The sulphonium salts may be of the formula:
(R3)a (R4)b (R5)c S.sup.⊕.X.sup.⊖
where X- is as defined above, R3 is a monovalent aromatic radical which may be substituted by one or more alkyl (including substituted alkyl), aryl, alkoxy, hydroxy, phenoxy, thiophenoxy, mercaptan or acyl groups or halogen atoms; R4 is an organic aliphatic radical selected from alkyl, cycloalkyl and substituted alkyl; R5 is a polyvalent organic radical forming a heterocyclic or fused ring structure with S+, a is a whole number from 0 to 3 inclusive, b is a whole number from 0 to 2 inclusive, and c is 0 or 1, and a+b+c=3.
Such photoinitiators are used in the new compositions in a proportion of 1% to 10%, and preferably 1% to 5%, by weight. Preferred photoinitiators of the aforesaid formulae are 4,4'-dimethyldiphenyliodonium hexafluorophosphate, diphenyliodonium hexafluorophosphate, triphenylsulphonium hexafluorophosphate, and 4-thiophenoxyphenyl-S-diphenylsulphonium hexafluorophosphate.
A sensitiser is preferably added to increase the spectral sensitivity of the photoinitiator. The preferred sensitisers are 9,10-diethoxyanthracene and 2-alkyl-9,10-diethoxyanthracene in a proportion of 0-5%, preferably 0 to 3%, by weight of the composition. Polyaromatic compounds and phenothiazine may also be used.
Cationically photopolymerisable materials which may be included in the present invention include cyclic formals and acetals, vinyl ethers, cyclic ethers, lactones, polysiloxanes, urea-formaldehyde resin, melamine-formaldehyde resins, and epoxides. A more comprehensive list is detailed in "Cationic Polymerisation of Olefins: A Critical Inventory" J. P. Kennedy, Wiley Interscience Pub. 1975. Epoxy resins are particularly preferred as they are readily available and the resulting cured polymers possess excellent dimensional and thermal stability in addition to superior mechanical strength and chemical resistance. A wide range of epoxy and epoxy substituted compounds can be used in photopolymerisation processes, thus making it relatively easy to obtain cured resins with specifically desired chemical and physical properties.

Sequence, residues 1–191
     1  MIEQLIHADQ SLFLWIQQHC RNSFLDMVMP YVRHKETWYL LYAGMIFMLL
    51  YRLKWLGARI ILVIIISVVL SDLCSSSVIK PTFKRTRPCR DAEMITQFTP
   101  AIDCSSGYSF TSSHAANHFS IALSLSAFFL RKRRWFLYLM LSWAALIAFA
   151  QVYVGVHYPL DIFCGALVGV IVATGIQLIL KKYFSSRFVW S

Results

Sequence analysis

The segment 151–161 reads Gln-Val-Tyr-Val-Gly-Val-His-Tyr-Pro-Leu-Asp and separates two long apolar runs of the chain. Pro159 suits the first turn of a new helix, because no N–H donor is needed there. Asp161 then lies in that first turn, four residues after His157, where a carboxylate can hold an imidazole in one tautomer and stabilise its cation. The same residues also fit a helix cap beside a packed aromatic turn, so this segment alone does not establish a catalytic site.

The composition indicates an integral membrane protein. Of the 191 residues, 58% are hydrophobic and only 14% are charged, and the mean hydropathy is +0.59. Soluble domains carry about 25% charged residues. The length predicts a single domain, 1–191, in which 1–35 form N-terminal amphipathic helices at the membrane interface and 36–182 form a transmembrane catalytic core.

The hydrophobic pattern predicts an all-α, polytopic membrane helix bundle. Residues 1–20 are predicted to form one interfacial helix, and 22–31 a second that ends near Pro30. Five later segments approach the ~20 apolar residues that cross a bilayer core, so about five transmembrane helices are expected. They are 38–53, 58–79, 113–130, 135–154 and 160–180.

The epoxy resins preferably used contain a plurality of epoxy groups and may be based on the reaction product of Bisphenol A (i.e. 2,2-bis(4-hydroxyphenyl)propane) and epichlorohydrin, e.g. the resins sold under the registered Trade Mark Araldite by Ciba-Geigy Ltd., or on the reaction product of epichlorohydrin with a phenol-formaldehyde resin of relatively low molecular weight, e.g. epoxy-Novolaks (available, for example from Dow), or other modified epoxy resins as disclosed in `UV Curing Science and Technology` (Technology Marketing Corp. Stamford, Conn). Reactive diluents such as glycidyl ethers, glycidyl acrylates, 4-vinylcyclohexene dioxide, limonene dioxide, 1,2-cyclohexene oxide and 3,4-epoxycyclohexylmethyl 3,4-cyclohexanecarboxylate, may be used as viscosity modifying agents for such epoxy resins. The reactive diluent may be employed where necessary to render the epoxy resin dispersible in an aqueous medium. The use of excess reactive diluent is however to be avoided as it results in a softer film and an increase in curing time. The epoxy component or components are generally present in a proportion of 10-60%, preferably 25 to 50%, by weight of the composition.
Enhanced emulsion stability of the new compositions can be achieved by the addition of a water-soluble colloid and preferably a surfactant, normally a non-ionic surfactant. The proportion of such surfactant is preferably 0 to 5% by weight of the composition. Suitable water-soluble colloids include polyvinylalcohol, gelatin, cellulose ethers, such as hydroxyethylcellulose or hydroxypropyl cellulose, casein, and polyvinylpyrrolidone. Such colloid carriers are not insolubilised by the photoinitiator employed in the new compositions but are physically entrapped in the cured polymer matrix. The compositions of the invention normally contain 4 to 14%, and preferably 6 to 10%, of such colloid by weight.
It may be desirable to include in the compositions of the invention an inert filler which may be a polymer, e.g. a vinylacetate homopolymer or copolymer in emulsion or solid form, or another filler which may be, for example, starch, or an inorganic filler such as silica, kaolin or titanium dioxide. The purpose of such fillers is to modify the properties of the dried film to render it more suitable for the end purpose contemplated. The proportion of filler may be 0 to 10% by weight of the composition.
A plasticiser e.g. a dialkylphthalate or a phosphate ester, may be added in a proportion up to 10%, but preferably only 0 to 5%, by weight of the composition to improve the flexibility of the cured composition. A biocide may be added to prevent fungal growth in the stored emulsion, preferably in a proportion of no more than 0 to 1% by weight of the composition.
The photosensitive composition may also contain a colourant which may give a coloured contrast on exposure to actinic radiation, in a proportion up to 1% by weight, as described in British specification No. 2100874 corresponding to U.S. application Ser. No. 629,759 filed July 13, 1984 as a divisional of application Ser. No. 389,487 filed June 17, 1982 and now abandoned.